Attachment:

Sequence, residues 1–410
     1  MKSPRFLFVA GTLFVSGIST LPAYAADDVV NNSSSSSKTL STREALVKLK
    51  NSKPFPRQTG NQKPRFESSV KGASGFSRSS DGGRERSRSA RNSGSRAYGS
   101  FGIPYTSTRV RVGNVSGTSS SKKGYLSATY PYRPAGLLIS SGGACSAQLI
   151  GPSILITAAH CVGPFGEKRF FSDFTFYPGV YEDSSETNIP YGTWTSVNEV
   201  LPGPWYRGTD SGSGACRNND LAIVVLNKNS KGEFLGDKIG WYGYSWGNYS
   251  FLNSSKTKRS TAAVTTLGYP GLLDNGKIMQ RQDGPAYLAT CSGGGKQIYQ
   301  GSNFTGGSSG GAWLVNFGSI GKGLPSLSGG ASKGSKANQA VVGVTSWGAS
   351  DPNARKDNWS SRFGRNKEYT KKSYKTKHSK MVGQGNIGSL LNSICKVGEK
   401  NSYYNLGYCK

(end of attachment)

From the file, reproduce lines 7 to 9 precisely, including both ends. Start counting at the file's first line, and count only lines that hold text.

   251  FLNSSKTKRS TAAVTTLGYP GLLDNGKIMQ RQDGPAYLAT CSGGGKQIYQ
   301  GSNFTGGSSG GAWLVNFGSI GKGLPSLSGG ASKGSKANQA VVGVTSWGAS
   351  DPNARKDNWS SRFGRNKEYT KKSYKTKHSK MVGQGNIGSL LNSICKVGEK